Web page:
Apostles – Wikipedia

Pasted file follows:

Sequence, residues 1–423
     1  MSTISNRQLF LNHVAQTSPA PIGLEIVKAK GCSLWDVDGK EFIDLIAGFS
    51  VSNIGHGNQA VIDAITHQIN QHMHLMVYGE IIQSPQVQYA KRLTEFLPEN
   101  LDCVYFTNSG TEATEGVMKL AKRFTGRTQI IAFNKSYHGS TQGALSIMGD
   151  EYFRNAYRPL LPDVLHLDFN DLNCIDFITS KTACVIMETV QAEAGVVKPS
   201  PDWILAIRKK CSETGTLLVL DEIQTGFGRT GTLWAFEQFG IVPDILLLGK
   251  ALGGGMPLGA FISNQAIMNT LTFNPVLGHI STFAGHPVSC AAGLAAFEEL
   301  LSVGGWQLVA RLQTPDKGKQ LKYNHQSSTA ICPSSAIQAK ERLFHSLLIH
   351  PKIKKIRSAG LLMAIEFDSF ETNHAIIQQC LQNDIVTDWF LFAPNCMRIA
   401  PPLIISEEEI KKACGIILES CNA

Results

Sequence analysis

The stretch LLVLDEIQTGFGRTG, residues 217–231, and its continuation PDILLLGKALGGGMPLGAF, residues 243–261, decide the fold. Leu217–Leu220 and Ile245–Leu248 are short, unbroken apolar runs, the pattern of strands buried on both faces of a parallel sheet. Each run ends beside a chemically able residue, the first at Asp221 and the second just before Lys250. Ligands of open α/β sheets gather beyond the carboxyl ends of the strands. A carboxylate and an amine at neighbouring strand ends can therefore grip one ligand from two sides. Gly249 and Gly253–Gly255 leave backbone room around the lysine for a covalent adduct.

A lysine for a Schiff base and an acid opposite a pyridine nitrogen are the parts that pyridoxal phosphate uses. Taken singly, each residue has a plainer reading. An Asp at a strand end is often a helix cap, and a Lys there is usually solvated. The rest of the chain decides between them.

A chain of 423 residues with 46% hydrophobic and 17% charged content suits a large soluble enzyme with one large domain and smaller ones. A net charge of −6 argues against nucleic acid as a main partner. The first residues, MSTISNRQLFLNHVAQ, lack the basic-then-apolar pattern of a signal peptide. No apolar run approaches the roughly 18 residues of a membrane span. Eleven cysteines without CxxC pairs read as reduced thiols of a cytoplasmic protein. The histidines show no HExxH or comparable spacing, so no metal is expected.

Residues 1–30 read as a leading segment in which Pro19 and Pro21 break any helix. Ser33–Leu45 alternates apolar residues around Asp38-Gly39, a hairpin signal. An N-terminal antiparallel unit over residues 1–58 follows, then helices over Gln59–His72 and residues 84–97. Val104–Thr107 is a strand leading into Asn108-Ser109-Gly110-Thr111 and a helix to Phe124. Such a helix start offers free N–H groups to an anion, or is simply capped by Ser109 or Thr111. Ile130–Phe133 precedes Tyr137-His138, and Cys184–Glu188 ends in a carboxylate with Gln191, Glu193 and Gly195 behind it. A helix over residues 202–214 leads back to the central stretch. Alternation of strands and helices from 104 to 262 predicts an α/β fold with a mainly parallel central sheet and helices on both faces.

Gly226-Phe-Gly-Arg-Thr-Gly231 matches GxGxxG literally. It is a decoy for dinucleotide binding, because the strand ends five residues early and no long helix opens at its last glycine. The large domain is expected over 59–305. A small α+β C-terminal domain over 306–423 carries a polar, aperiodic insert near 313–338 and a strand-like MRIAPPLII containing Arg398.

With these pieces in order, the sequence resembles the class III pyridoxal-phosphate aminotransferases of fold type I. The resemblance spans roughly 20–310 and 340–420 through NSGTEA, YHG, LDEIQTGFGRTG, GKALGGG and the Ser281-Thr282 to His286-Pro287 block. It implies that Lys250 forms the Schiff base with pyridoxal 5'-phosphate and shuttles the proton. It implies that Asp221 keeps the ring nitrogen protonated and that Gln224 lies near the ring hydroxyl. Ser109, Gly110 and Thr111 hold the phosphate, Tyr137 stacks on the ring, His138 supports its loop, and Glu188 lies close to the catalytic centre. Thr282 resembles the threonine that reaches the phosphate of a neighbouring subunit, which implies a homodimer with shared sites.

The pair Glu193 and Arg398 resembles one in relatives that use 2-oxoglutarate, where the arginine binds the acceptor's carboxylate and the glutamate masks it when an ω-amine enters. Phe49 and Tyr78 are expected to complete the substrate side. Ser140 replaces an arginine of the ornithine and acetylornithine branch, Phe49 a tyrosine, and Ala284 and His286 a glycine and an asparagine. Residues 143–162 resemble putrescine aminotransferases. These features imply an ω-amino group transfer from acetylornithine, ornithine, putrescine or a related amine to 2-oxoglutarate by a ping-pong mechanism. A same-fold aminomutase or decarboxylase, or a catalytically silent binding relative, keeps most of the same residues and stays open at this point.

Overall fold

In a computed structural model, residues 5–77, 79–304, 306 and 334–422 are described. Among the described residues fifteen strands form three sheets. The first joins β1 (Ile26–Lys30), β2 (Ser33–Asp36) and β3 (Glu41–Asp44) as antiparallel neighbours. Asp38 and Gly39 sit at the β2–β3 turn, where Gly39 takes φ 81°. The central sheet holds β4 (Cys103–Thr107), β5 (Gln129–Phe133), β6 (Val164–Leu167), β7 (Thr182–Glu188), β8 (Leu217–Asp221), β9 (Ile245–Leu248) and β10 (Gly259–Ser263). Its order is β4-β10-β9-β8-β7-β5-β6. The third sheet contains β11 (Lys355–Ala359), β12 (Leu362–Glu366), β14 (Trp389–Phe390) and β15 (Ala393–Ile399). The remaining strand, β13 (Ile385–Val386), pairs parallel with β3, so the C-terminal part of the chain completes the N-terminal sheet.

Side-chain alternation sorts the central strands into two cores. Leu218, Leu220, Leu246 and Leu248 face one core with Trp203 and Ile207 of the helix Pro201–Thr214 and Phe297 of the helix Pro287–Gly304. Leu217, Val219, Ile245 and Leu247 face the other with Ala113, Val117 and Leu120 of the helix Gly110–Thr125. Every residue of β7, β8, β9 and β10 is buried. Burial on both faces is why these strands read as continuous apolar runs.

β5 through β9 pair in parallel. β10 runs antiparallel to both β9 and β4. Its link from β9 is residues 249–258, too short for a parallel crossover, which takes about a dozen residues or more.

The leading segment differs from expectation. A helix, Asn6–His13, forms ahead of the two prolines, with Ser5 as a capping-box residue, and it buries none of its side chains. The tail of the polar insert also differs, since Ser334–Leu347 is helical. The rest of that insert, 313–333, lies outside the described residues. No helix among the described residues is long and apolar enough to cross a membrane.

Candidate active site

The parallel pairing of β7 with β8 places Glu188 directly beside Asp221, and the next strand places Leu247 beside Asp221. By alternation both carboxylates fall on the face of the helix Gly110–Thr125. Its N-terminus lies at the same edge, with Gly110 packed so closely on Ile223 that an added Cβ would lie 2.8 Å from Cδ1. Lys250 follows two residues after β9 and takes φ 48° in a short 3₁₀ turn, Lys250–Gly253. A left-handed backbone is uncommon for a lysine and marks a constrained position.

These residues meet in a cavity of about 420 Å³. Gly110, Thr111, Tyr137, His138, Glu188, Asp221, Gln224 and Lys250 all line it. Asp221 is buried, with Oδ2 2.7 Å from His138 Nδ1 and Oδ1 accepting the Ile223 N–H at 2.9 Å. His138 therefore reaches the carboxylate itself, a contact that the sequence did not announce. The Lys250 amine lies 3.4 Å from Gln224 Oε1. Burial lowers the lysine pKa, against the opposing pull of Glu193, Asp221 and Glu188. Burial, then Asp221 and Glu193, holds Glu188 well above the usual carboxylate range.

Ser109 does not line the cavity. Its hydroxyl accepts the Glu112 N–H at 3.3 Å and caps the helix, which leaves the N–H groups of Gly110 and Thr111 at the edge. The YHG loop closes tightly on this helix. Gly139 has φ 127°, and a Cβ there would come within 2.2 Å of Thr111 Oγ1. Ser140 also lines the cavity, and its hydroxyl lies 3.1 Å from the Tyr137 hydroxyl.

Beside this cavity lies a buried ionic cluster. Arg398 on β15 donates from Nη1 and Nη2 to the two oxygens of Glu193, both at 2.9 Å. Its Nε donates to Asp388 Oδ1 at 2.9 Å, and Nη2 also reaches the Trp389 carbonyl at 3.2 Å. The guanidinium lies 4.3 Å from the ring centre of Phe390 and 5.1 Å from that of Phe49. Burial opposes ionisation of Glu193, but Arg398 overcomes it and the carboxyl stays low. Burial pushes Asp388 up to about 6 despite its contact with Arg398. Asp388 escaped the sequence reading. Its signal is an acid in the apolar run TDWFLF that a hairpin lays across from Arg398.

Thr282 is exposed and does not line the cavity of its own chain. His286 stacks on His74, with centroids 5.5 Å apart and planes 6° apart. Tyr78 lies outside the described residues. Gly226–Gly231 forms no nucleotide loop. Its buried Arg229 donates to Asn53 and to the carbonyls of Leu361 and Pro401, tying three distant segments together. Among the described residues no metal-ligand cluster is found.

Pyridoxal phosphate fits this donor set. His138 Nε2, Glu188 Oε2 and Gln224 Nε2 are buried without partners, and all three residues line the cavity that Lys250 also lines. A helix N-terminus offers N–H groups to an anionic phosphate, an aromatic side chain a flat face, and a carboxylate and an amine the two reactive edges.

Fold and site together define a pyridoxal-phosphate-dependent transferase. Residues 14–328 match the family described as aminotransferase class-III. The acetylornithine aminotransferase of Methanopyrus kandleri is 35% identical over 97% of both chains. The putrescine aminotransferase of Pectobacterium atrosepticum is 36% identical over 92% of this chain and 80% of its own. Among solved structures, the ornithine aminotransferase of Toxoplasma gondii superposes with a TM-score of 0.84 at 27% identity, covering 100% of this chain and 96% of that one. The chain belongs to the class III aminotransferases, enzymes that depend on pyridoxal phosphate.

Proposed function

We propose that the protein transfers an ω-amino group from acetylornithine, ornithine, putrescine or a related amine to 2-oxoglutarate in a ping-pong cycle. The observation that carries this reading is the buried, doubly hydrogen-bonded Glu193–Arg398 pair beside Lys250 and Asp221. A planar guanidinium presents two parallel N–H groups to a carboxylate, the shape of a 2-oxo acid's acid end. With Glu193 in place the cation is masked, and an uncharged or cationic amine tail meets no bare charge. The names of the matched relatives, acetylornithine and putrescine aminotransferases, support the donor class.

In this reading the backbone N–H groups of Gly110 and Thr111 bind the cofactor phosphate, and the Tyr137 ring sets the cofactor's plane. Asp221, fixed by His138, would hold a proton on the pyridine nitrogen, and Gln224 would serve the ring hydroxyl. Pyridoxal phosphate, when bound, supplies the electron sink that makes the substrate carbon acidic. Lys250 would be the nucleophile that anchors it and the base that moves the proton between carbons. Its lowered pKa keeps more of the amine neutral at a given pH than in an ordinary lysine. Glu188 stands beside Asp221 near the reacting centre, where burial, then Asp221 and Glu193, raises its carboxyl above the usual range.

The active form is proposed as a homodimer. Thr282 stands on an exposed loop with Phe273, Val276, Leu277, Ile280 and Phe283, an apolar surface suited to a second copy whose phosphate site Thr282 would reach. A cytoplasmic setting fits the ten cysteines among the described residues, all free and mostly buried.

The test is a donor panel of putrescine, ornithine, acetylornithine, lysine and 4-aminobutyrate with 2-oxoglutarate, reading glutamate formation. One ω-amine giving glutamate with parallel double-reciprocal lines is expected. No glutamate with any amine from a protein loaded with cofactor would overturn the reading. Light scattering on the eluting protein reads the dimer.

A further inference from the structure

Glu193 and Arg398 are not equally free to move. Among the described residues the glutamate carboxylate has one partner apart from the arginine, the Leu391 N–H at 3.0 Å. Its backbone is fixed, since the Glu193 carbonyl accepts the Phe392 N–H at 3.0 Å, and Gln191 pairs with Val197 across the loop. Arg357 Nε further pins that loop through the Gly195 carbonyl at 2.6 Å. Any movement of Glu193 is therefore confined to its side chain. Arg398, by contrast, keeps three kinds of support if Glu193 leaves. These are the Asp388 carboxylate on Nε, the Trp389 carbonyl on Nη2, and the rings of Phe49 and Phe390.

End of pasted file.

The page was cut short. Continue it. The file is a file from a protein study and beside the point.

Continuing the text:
In Christian theology and ecclesiology, the apostles (Greek: ἀπόστολος, translit. apóstolos, lit. ‘one who is sent away’), particularly the Twelve Apostles, were the primary disciples of Jesus, the central figure in Christianity. During the life and ministry of Jesus in the 1st century AD, the apostles were his closest followers and became the primary teachers of the gospel message of Jesus. The word disciple is sometimes used interchangeably with apostle; for instance, the Gospel of John makes no distinction between the two terms. In modern usage, prominent missionaries are often called apostles, a practice which stems from the Latin equivalent of apostle, i.e. missio, the source of the English word missionary. For example, Saint Patrick (AD 373–463) was the “Apostle of Ireland”, and Saint Boniface (680–755) was the “Apostle to the Germans”.